All students
National Curriculum
Statement
Fluency
Reasoning
Problem Solving
 There are three different
numbers.
They are all four-digit odd
numbers.
The digits of each number add up
to 14.
None of the numbers can be
divided by 5.
These numbers read the same
forwards and backwards.
Can you guess the numbers using
these clues?
 Write two 6-digit numbers.
Add the numbers together and round
the answer to the nearest 100,000.
Now round the original numbers and
add them together.
Do you get the same answer?
Try it again with different numbers.
What do you find?
Five cars are in a race.
Their number plates are:
1733
5824
9762
6465
7525
 Here are two number cards.
Solve number problems and
practical problems that
involve all of the above.
 Jim is thinking of a number.
It is less than 150.
The digits add up to 9.
The first two digits added
together are half of the third
digit.
What could Jim’s number be?
When rounded to the nearest 100, A
rounds to become B.
A’s digit total is one tenth of B.
What could A and B be?
The car with the highest number
finished last.
When the digits in the number plates
of the cars that came first and second
are added, they give the same total.
The cars that came in third and fourth
both have an odd number as the last
digit.
The cars that came in second and third
both bear numbers that are multiples
of five.
Use these clues to work out how the
racing cars placed in the race.
Place Value

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work out how the racing cars placed in the race. Place Value © Trinity Academy Halifax

Term by Term Objectives

Year 5

     

All students

 
 

National Curriculum Statement

Fluency

Reasoning

Problem Solving

Place Value

Read Roman numerals to 1000 (M) and recognise years written in Roman numerals.

Translate these Roman Numerals:

Write the numbers in Roman Numerals:

3. 99

Complete these calculations:

Count in hundreds and fill in the pattern:

C, CC,

,

,

D,

,

,

,

_, _

Explain what each letter means and write the translation below each letter.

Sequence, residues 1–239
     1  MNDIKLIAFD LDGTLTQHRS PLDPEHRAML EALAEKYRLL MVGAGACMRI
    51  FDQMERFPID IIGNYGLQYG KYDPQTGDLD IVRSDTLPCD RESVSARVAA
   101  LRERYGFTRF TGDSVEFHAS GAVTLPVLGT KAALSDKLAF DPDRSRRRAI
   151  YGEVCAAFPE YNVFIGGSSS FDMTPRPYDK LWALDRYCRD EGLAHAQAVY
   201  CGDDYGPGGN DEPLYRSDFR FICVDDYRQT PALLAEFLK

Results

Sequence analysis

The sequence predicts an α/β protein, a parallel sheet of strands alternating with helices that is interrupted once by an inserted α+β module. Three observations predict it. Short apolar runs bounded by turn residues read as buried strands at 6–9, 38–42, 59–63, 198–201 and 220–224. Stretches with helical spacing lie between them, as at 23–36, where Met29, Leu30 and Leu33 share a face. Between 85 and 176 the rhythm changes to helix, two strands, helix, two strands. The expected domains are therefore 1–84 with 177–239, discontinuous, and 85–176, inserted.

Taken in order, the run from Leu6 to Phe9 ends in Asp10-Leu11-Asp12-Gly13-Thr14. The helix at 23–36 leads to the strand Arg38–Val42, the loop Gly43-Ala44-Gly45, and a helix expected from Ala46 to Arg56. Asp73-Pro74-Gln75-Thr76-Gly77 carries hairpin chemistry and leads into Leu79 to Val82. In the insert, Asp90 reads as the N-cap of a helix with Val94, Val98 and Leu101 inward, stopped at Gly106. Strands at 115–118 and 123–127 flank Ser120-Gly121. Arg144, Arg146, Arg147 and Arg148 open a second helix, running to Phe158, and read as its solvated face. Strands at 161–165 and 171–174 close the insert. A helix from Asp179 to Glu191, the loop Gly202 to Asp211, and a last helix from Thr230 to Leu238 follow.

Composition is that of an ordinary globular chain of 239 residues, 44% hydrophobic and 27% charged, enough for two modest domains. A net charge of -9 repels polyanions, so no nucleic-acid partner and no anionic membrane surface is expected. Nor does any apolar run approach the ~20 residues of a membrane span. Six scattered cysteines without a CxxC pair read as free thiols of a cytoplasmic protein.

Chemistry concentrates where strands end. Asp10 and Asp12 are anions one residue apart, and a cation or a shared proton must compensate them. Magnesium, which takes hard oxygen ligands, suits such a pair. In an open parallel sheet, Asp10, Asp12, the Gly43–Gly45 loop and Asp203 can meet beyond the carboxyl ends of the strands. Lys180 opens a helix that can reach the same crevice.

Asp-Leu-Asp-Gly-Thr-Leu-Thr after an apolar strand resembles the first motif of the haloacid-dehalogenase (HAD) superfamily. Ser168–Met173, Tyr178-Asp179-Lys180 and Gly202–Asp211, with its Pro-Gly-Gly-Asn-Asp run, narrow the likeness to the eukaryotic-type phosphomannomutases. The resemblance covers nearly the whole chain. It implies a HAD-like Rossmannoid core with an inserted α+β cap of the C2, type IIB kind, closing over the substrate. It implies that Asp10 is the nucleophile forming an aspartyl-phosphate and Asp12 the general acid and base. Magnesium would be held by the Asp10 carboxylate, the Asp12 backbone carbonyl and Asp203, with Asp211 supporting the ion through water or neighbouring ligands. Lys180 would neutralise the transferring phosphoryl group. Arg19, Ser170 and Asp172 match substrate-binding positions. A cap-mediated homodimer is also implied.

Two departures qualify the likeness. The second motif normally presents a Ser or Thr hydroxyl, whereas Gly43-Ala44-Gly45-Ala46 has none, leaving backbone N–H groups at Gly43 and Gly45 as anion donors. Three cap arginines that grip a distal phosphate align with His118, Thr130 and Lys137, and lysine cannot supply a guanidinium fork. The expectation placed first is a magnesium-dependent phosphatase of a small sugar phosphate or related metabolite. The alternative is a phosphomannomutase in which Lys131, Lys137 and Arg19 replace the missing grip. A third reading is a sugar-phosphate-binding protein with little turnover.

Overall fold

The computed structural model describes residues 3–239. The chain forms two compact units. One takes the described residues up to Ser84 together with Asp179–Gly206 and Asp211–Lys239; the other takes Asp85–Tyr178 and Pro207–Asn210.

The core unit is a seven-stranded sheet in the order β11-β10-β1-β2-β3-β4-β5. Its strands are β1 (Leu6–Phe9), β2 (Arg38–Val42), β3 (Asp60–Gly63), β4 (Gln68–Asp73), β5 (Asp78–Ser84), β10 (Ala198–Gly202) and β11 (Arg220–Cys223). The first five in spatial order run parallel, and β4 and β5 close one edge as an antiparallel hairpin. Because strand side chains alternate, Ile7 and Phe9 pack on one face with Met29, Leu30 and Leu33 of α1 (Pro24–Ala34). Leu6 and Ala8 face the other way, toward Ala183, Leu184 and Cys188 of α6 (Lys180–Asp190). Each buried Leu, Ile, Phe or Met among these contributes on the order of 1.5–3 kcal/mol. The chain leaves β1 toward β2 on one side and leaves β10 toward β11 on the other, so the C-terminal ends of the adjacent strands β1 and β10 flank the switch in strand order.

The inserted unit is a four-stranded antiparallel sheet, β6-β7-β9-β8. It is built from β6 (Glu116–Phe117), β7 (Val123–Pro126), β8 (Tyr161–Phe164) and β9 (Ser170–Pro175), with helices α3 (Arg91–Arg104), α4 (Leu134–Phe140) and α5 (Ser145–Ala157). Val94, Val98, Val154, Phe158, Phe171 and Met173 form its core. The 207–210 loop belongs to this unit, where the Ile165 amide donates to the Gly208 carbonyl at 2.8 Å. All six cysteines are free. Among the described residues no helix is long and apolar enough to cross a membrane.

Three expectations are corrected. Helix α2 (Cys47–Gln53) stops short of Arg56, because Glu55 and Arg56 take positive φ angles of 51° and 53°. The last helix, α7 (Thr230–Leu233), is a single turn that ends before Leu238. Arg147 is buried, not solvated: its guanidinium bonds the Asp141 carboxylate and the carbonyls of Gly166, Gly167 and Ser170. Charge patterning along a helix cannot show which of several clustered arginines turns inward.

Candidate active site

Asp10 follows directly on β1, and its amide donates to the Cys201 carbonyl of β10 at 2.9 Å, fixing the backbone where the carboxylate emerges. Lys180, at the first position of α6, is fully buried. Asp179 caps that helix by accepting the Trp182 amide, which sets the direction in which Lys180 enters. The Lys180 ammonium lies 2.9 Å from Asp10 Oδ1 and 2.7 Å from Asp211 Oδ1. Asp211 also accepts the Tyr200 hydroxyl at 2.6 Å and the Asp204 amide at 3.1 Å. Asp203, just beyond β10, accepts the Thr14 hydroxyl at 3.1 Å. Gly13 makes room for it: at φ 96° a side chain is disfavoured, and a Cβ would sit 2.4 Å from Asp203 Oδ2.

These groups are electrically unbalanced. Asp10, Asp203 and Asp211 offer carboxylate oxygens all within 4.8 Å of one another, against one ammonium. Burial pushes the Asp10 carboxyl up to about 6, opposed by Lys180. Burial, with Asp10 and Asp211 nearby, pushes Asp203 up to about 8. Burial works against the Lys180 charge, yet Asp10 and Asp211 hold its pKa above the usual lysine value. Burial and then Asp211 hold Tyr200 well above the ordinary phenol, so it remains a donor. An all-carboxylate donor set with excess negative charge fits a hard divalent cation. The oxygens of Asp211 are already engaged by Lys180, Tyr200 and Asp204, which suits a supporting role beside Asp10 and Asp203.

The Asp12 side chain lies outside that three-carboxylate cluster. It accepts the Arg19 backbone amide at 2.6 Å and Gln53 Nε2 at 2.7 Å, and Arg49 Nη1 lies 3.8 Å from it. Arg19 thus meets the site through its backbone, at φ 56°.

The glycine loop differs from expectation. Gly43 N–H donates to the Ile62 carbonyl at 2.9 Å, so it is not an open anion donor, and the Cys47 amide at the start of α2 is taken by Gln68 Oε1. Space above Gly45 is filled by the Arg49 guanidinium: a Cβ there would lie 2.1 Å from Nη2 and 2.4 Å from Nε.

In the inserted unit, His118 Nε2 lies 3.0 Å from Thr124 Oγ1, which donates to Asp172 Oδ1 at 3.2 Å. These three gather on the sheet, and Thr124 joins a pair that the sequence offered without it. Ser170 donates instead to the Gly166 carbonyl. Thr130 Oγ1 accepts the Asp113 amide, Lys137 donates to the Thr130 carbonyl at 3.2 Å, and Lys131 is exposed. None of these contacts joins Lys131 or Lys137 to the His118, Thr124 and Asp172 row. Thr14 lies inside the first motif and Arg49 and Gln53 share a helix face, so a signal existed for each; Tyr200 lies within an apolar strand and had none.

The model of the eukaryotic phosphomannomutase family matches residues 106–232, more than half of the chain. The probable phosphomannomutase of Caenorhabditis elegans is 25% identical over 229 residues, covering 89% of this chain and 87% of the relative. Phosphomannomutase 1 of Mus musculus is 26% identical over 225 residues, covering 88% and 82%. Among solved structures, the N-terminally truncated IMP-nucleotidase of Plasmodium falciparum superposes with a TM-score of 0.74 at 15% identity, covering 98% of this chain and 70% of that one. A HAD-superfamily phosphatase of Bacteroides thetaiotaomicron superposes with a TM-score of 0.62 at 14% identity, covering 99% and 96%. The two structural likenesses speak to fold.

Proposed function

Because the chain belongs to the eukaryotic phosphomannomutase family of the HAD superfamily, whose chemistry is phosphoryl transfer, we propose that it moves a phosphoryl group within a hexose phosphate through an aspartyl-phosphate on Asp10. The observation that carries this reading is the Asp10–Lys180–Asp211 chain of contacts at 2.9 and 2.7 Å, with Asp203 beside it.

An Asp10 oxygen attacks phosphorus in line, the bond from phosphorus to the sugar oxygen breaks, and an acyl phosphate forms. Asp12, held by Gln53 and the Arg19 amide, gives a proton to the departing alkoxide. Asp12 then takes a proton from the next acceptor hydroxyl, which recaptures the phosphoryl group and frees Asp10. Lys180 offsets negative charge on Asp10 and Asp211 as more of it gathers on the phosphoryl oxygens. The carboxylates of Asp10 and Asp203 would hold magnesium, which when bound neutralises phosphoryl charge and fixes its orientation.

Arrange the numbers in size order:

XXXV, XL, XXX, LX, LV, L, XLV, LXV

Explain how you ordered the numbers.

Complete the calculations. Show how you translated the roman numerals and added them.

1. XI + IX=

Explain why the Romans wrote CM for the number 900.

Write the year of your birth in Roman Numerals. Write the current year in Roman Numerals. Find the difference between the years. Write the difference in Roman Numerals.

Draw a time line and place these dates on it. Can you find an important event that happened in each of these years?

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find an important event that happened in each of these years? © Trinity Academy Halifax 2017

Term by Term Objectives

Year 5

 

National Curriculum Statement

 

All students

Fluency

 

Reasoning

 

Problem Solving

   

Work out this missing numbers:

Rachel has £10 She spends £6.49 at the shop. Would you use columnar subtraction to work out the answer? Explain why.

If 2,541 is the answer, what’s the question?

- 92 = 145

- 92 = 145

 

-

Can you create three addition

calculations?

Addition and Subtraction

740 +

740 +

= 1,039

Can you create three subtraction calculations?

-

= 580 – 401

= 580 401

True or False? Are these number sentences true or false?

+ 0.4 = 8.11

8.7

-

Did you use a strategy?

Peter bought boxes of crisps when they were on offer. After 12 weeks, his family had eaten 513 packets and there were 714 left.

Using 0-9 dice roll 3 at the same time to create a number. Your partner needs to do the same. Who can add them together correctly first? Who can subtract the smallest from

6.1

0.9 = 5.2

Add and subtract numbers mentally with increasingly large numbers.

Give your reasons.

How many did he buy?

 

3450 + 7000 + 550

the largest correctly first? Use a calculator to check.

Children follow a series of instructions to find a mystery number.

Eg Start with 100 Add 5,000 Take away 400 Add 20 Subtract 750 What number have you got?

Which order would you add the numbers the most efficiently mentally? Choose and explain the order you have chosen.

3456 + 6543 = 9999 Can you find any more ascending and descending numbers that add up to a number where all the digits are the same? Can you add them mentally?

© Trinity Academy Halifax 2017 mathshub@trinitytsa.co.uk

where all the digits are the same? Can you add them mentally? © Trinity Academy Halifax

Term by Term Objectives

Year 5

     

All students

 
 

National Curriculum Statement

Fluency

Reasoning

Problem Solving

Addition and Subtraction

Add and subtract whole numbers with more than 4 digits, including using formal written methods (columnar addition and subtraction)

Calculate 1,434 + 2,517 using place value counters. The first number has been partitioned for you.

Can you solve 4,023 2,918 using place value counters? Make the bigger number and take the smaller number away.

Julie has 1,578 stamps. Heidi has 2,456 stamps. How many stamps do they have altogether? Show how you can check your answer using the inverse.

There are mistakes in the following calculations.

Explain the mistake and then make a correction to find the correct answer.

Here is an addition sentence with whole numbers and digits missing.

an addition sentence with whole numbers and digits missing. + 3,475 = 6, 24 What numbers

+

3,475 = 6,

sentence with whole numbers and digits missing. + 3,475 = 6, 24 What numbers could go

24

What numbers could go in the boxes? How many different answers are there? Convince me.